Intravitreal bevacizumab (Avastin) for retinal angiomatous proliferation.
ABSTRACT To evaluate the short-term visual acuity and anatomic responses after intravitreal bevacizumab (Avastin, Genentech) treatment in patients with retinal angiomatous proliferation (RAP).
The authors conducted a retrospective review of consecutive patients with newly diagnosed or recurrent RAP treated with intravitreal bevacizumab (1.25 mg) during a 3-month period. Complete ocular examination was performed at baseline and follow-up visits. Interval data were analyzed statistically at 1 and 3 months follow-up.
Twenty-three eyes of 23 patients underwent intravitreal bevacizumab treatment. The mean age of patients was 81.1 years, median baseline visual acuity of treated eyes was 20/80 (range 20/25-20/800), and mean baseline central macular thickness was 335 mum (optical coherence tomography was available for 22 eyes). Nine eyes had retinal pigment epithelial detachments (PEDs) at baseline. At 1-month follow-up, the median acuity improved to 20/60 (range 20/30-20/400) (P < 0.001), mean central macular thickness decreased to 202 microm (P < 0.001), and PED was present in only 2 eyes (P = 0.016). Seven of 23 eyes at 1 month (30.4%) had improved visual acuity, defined as halving of the visual angle, and no eyes had worse acuity, defined as doubling of the visual angle. Of the 17 eyes available for 3-month follow-up, 5 eyes (29.4%) had better visual acuity, 1 eye (5.9%) had worse acuity, and the remaining 11 (64.7%) had the same acuity. The median visual acuity at month 3 was 20/60 (range 20/25-20/400). There were no thromboembolic phenomena, endophthalmitis cases, retinal detachments, or any other adverse events.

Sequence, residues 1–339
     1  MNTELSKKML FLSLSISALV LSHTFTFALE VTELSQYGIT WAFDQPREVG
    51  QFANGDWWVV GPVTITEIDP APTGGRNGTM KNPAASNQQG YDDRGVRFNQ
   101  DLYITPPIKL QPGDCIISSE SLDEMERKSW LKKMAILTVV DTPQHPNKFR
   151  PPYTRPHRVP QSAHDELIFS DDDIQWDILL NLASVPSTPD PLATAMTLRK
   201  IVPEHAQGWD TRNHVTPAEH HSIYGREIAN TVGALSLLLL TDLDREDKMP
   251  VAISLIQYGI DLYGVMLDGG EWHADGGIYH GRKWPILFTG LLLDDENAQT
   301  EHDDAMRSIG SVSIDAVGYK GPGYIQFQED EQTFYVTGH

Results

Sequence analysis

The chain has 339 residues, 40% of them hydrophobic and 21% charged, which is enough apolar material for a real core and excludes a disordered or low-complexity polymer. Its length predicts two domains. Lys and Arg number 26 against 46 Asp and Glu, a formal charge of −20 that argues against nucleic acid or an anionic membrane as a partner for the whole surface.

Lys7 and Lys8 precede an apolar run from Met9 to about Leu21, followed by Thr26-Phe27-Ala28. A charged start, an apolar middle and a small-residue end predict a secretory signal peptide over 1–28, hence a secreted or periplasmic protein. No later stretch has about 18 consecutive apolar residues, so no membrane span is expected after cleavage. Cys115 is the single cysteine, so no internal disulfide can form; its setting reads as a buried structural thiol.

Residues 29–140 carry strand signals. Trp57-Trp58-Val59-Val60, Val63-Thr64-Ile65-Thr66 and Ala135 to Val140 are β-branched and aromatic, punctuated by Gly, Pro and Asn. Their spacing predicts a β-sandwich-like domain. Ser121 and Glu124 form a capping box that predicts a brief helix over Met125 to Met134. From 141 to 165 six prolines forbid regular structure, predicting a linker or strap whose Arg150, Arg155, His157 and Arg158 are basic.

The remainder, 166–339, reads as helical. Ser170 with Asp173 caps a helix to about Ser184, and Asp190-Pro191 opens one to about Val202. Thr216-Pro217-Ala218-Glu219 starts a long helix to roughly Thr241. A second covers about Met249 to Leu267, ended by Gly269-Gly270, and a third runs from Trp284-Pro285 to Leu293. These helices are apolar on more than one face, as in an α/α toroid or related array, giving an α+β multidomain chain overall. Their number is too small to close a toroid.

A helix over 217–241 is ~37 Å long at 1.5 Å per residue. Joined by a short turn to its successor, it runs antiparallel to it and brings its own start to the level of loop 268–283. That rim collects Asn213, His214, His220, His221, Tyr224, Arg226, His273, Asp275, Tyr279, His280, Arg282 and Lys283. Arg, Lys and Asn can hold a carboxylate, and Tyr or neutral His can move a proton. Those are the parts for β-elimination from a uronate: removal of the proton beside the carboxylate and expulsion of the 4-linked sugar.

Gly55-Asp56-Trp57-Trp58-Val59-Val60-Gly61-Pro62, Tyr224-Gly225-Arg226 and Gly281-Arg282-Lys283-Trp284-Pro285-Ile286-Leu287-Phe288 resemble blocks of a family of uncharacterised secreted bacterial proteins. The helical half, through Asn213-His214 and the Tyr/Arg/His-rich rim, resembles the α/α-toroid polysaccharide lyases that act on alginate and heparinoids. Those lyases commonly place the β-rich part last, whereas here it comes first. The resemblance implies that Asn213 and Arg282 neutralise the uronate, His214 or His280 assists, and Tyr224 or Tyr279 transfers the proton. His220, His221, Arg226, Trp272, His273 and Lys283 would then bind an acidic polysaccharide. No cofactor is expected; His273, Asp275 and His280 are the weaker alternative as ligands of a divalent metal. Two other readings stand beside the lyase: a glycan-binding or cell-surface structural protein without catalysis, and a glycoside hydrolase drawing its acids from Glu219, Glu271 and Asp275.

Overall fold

Treatment of RAP with intravitreal bevacizumab during this retrospective review resulted in a significant decrease in macular thickness and improvement or stabilization of visual acuity. Further long-term investigation is warranted given the promising short-term results.
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ABSTRACT: Bevacizumab is a monoclonal antibody that inhibits the action of vascular endothelial growth factor (VEGF) thereby acting as an angiogenesis inhibitor. As a result, supply of oxygen and nutrients to tissues is impaired and tumour cell growth is reduced. Reported side effects due to bevacizumab are hypertension and increased risk of bleeding. Bowel perforation has also been reported. Periodontal disease in patients on bevacizumab therapy has not been reported before. We report a case of a forty-three year old woman who developed periodontitis whilst receiving bevacizumab for lung cancer. The periodontal disease remained stable on discontinuation of the drug. Further investigations are needed to determine the mechanism for bevacizumab-induced periodontal disease.Journal of Medical Case Reports 02/2008; 2:47.